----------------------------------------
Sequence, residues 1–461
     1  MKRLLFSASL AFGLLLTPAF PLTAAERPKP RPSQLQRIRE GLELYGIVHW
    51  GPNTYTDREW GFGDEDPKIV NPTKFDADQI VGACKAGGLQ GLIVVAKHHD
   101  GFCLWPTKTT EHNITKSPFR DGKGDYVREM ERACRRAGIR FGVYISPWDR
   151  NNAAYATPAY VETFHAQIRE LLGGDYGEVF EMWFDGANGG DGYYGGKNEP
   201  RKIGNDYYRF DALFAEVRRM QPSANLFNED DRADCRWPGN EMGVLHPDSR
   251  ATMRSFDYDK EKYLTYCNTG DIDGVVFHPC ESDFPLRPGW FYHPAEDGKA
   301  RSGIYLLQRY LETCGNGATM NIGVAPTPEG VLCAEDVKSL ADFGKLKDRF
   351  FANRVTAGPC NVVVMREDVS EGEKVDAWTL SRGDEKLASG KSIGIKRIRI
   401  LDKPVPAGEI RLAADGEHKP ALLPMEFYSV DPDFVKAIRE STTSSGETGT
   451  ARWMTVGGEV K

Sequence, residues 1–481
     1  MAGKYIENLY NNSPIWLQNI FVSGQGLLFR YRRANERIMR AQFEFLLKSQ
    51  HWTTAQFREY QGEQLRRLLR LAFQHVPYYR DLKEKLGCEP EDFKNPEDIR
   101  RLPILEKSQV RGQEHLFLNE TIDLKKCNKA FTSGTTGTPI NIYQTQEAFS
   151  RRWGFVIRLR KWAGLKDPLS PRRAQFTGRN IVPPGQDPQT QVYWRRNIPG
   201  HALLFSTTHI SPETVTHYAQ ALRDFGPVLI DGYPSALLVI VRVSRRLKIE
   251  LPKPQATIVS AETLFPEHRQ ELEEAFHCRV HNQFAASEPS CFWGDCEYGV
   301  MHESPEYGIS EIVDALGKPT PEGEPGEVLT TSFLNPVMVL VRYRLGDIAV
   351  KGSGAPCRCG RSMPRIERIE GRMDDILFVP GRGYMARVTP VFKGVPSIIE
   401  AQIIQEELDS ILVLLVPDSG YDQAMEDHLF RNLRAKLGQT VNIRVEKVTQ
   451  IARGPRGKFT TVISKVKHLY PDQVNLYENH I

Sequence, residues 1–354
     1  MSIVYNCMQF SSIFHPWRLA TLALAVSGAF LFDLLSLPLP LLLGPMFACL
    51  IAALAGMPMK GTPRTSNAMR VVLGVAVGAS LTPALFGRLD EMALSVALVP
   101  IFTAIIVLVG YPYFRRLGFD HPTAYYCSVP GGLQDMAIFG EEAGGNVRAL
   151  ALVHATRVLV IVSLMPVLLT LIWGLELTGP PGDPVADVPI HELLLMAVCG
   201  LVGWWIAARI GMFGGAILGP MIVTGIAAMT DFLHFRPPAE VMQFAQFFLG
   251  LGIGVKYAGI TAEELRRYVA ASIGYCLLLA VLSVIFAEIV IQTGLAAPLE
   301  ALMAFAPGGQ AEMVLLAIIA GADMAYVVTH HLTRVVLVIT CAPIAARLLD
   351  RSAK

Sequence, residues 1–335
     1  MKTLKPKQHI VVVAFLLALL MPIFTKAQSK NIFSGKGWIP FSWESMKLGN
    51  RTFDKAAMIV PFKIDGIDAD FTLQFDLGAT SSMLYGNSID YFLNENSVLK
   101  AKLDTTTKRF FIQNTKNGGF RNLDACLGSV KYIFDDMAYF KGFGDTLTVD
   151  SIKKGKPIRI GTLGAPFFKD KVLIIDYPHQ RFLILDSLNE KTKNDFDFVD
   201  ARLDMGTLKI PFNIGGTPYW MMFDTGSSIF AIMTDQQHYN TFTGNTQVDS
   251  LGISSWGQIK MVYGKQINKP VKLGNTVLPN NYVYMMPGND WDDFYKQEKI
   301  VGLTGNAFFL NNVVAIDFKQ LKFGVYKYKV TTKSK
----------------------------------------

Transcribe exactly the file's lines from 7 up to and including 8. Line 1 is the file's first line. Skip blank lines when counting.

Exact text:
   251  ATMRSFDYDK EKYLTYCNTG DIDGVVFHPC ESDFPLRPGW FYHPAEDGKA
   301  RSGIYLLQRY LETCGNGATM NIGVAPTPEG VLCAEDVKSL ADFGKLKDRF